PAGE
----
• AAFP Issues COVID-19 Guidance on Breastfeeding, Medications

    April 21, 2020 04:25 pm News Staff – The AAFP is continuously monitoring the COVID-19 pandemic to give family physicians the best clinical resources available to help them manage patients with SARS-CoV-2 infection. To help guide FPs in providing optimal patient care, the Academy earlier this month issued a policy advising against prescribing medications off-label to treat COVID-19. In addition, the AAFP last week released a statement on breastfeeding and COVID-19.

    stop covid-19 graphic

    Approved by the Academy's Board of Directors on April 7, the medications policy addresses issues that have arisen regarding investigational medications and therapeutic agents for pre- or postexposure prophylaxis against SARS-CoV-2 infection or treatment of COVID-19.

    According to the policy, "There is currently no substantial evidence supporting the off-label use of medications such as chloroquine, hydroxychloroquine, azithromycin and remdesivir for the treatment of COVID-19." No drugs are FDA-approved to prevent or treat COVID-19 at this time, the policy adds, and the AAFP advises against prescribing any medication outside its current indicated uses until further testing is completed.

    Furthermore, the policy counsels against stockpiling these medications or prescribing them as a preventive measure for the general public and calls for FPs to continue to provide them for their approved indications unhindered.

    In addition, the policy states the Academy's support for rapid evaluation of potential treatments through registered clinical trials, with transparent and timely publication of full results. Finally, the policy calls for clinicians, health care systems and policymakers to consider the evidence and weigh the benefits and harms of any treatment to ensure "judicious and evidence-based use of limited resources."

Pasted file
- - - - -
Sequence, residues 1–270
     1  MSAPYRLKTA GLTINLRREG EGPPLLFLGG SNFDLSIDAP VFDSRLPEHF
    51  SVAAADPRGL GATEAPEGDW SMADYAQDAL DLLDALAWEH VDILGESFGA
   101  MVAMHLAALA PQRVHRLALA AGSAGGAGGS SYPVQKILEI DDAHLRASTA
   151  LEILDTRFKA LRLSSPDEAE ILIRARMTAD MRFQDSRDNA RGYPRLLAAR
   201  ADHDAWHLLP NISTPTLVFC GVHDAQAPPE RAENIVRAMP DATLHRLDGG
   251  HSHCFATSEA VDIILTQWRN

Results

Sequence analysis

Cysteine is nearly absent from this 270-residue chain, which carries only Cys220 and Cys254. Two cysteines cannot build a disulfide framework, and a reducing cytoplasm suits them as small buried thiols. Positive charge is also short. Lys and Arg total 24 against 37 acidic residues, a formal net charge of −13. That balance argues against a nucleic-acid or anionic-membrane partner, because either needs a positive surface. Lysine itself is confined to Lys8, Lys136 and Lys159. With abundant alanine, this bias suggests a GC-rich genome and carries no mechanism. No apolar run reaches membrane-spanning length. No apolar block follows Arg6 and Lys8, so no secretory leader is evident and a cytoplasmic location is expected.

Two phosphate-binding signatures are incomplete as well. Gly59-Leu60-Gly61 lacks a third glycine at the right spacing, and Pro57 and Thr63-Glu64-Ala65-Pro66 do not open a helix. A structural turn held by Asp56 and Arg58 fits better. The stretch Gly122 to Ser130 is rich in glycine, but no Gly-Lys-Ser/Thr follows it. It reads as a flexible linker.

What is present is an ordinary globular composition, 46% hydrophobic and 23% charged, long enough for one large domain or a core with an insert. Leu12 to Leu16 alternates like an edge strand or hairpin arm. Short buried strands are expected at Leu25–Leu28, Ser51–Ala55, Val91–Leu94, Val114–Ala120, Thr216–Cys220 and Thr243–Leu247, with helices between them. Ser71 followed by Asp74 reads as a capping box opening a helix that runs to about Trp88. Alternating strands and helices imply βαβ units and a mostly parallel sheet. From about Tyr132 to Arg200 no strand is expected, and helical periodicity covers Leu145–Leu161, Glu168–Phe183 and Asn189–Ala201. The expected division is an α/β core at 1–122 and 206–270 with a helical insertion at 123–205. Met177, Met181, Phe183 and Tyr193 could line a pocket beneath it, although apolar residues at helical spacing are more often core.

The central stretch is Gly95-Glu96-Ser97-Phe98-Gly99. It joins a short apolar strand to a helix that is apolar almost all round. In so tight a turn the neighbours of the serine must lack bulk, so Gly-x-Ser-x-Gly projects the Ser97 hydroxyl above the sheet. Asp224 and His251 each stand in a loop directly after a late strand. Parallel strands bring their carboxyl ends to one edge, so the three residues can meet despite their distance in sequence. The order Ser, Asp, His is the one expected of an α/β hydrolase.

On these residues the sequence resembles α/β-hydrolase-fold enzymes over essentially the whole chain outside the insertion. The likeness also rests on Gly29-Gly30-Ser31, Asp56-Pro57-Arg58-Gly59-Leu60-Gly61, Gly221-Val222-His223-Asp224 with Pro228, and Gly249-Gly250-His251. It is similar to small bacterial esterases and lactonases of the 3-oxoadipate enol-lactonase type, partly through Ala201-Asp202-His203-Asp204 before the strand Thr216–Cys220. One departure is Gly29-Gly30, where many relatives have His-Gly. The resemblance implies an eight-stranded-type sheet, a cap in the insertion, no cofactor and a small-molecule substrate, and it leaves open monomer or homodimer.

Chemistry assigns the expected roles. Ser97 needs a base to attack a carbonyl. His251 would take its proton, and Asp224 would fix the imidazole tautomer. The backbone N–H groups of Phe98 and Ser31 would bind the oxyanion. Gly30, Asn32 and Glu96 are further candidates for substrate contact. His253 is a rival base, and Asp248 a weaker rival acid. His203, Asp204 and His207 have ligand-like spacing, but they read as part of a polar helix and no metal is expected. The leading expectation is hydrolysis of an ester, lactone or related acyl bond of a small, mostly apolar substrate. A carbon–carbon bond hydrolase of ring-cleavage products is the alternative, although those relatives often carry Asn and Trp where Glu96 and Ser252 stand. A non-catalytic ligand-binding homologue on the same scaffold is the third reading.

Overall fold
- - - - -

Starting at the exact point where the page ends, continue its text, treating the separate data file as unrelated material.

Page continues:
The breastfeeding statement, which received the Board's thumbs-up on April 15, first calls out the fact that breast milk protects infants against both acute and chronic illnesses. Given that no research to date has documented the presence of SARS-CoV-2 in breast milk, it states, the Academy recommends promoting breastfeeding and parent-infant bonding, as well as avoiding parent-infant separation whenever possible.

    The statement considers breastfeeding to be a reasonable choice in parents who have been exposed to COVID-19 but are asymptomatic. These parents should use a mask and practice proper hand hygiene to reduce the risk of exposing an infant to respiratory secretions.

    Parents who have been diagnosed with COVID-19 or who were exposed and have symptoms also may breastfeed and/or provide expressed milk. In these instances, the AAFP recommends taking additional steps to reduce exposure, such as limiting contact with the infant and having another member of the household who does not have COVID-19 deliver expressed breast milk. Parents who use a breast pump to express milk should wash their hands before touching any pump or bottle parts and should sanitize the pump after each use.